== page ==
Accordingly, there is a need to provide the surface of sputtering targets with the desired texture necessary for efficient sputter coating therefrom without subjecting the target to the high preconditioning voltage and long burn-in period heretofore required.

SUMMARY OF THE INVENTION

According to the principles of the present invention, a sputtering target is provided which has a surface artificially pretextured prior to any sputtering therefrom. The artificially pretextured surface simulates the texture of a conventional target achieved only after high voltage sputtering during an hour-long burn-in period. The pretexturing according to this invention is provided by a process other than that of subjecting the target to high voltage sputtering. The artificially produced texture of this invention provides, on the pretextured target surface, minute plasma trapping surface irregularities similar to those which would be produced on a target surface prepared through preferential sputtering of the grain boundaries and the exposure thereby of the crystal structure of the target during conventional high voltage burn-in of the target.

According to the preferred embodiment of the present invention, a target is pretextured by a machining process by which fine grooves are cut into the target surface. Alternatively, the target may be textured by other physical means such as abrasive grit blasting, or chemical etching or some other suitable roughening technique. The texture so produced by such a pretexturing method is small enough in feature size so as not to change the macroscopic shape of the target, and thereby not adversely affect the uniformity of the deposition which the target is designed to produce on the substrate. On the other hand, the texture is large enough to provide the necessary plasma trapping roughness, substantially larger than the sputtered particle size by several orders of magnitude. The texture dimensions are preferably between 0.05 and 3.0 millimeters, approximately, but somewhat smaller and larger dimensions are also effective.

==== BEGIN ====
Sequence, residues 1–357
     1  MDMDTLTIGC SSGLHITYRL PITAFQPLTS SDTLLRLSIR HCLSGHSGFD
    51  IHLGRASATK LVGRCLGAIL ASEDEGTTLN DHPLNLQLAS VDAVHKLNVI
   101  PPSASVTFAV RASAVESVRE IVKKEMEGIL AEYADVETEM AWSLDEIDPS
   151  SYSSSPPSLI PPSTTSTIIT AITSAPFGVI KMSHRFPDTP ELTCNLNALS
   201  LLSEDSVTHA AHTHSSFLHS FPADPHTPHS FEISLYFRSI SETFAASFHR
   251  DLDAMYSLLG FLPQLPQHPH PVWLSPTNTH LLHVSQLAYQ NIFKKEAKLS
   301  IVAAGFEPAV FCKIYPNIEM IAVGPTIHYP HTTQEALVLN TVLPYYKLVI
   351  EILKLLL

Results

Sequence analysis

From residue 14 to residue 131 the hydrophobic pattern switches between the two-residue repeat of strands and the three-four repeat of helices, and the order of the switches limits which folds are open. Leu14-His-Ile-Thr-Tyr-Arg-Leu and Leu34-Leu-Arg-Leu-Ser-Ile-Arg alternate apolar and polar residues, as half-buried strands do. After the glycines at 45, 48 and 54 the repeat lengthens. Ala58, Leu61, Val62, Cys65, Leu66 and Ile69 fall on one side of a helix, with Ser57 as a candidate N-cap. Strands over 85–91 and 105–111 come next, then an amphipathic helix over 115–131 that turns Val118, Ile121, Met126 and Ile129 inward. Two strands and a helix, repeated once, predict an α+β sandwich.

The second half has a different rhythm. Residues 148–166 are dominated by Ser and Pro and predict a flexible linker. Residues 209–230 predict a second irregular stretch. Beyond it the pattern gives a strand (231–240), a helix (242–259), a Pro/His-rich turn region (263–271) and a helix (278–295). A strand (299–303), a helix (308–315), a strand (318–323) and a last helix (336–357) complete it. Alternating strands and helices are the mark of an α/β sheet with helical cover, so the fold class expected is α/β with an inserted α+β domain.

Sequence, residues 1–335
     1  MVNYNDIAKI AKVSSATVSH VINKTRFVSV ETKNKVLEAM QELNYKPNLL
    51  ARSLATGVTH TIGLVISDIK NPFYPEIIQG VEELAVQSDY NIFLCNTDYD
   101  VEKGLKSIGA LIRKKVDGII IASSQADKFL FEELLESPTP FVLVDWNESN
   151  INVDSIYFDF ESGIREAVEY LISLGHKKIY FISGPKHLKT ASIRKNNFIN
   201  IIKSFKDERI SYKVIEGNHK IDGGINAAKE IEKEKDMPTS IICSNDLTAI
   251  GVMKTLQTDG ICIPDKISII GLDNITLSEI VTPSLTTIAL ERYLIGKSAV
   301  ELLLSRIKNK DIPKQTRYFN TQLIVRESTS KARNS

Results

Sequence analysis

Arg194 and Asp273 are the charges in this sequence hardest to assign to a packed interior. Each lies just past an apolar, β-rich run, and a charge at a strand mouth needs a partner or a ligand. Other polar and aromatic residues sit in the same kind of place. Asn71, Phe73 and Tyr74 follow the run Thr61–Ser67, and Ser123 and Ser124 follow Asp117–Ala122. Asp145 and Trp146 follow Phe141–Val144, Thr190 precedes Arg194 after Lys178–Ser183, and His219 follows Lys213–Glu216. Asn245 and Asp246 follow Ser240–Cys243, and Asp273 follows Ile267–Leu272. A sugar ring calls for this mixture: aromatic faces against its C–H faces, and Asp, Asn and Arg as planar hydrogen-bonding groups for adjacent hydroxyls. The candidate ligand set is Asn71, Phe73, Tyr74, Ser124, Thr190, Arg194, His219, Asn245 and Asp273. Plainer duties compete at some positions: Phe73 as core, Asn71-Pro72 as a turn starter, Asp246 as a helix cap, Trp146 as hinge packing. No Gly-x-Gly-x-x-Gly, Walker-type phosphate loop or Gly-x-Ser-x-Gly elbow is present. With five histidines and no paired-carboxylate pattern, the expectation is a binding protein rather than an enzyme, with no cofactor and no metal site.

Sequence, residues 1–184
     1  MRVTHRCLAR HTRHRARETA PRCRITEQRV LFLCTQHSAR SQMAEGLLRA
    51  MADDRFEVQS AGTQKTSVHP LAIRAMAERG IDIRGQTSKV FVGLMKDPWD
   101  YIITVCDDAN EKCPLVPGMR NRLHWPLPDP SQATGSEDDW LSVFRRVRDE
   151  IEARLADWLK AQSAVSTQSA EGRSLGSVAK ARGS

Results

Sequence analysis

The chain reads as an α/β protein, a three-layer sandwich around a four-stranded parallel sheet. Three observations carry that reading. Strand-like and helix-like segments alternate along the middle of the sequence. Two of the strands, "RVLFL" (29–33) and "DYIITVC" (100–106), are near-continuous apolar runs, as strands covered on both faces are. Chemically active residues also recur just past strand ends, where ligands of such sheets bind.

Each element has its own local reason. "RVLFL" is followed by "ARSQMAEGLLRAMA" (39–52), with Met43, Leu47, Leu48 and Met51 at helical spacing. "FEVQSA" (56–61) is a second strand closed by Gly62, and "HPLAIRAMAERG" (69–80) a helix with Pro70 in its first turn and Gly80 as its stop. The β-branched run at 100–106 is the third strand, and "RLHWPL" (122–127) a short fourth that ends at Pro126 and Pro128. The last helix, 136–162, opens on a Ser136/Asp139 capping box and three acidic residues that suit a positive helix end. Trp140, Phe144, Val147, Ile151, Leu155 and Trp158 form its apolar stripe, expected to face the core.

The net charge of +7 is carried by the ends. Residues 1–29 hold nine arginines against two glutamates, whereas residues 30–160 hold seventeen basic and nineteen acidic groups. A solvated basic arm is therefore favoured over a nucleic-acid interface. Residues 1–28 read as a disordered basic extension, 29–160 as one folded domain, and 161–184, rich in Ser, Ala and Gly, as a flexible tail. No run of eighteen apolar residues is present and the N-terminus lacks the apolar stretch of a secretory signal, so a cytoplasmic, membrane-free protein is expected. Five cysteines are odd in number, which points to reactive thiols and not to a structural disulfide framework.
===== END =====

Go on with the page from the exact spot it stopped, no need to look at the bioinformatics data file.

When a target prepared according to the method of the present invention is initially installed in a sputtering apparatus, the plasma is immediately drawn close to the target surface. Thus, the target will energize at a voltage which will be, throughout the precleaning phase, substantially lower than the precleaning voltage during the equivalent phase with an otherwise untextured target such as those of the prior art. For example, the initial precleaning voltages with the pretextured target of this invention may be reduced from approximately 900 volts for a prior art untextured target, for example, to approximately 700 volts for the artificially pretextured target of this invention. Thereafter, following this initial precleaning phase, the target quickly reaches sputtering voltage and surface condition suitable for coating wafers, thus eliminating most or all of the burn-in period. Thus, the period when the target of the prior art is normally subjected to preferentially sputtering, typically of at least one or of several hours, to roughen its surface, the plasma will reside close to the surface of the pretextured target of this invention, permitting it to be used for productively coating wafers.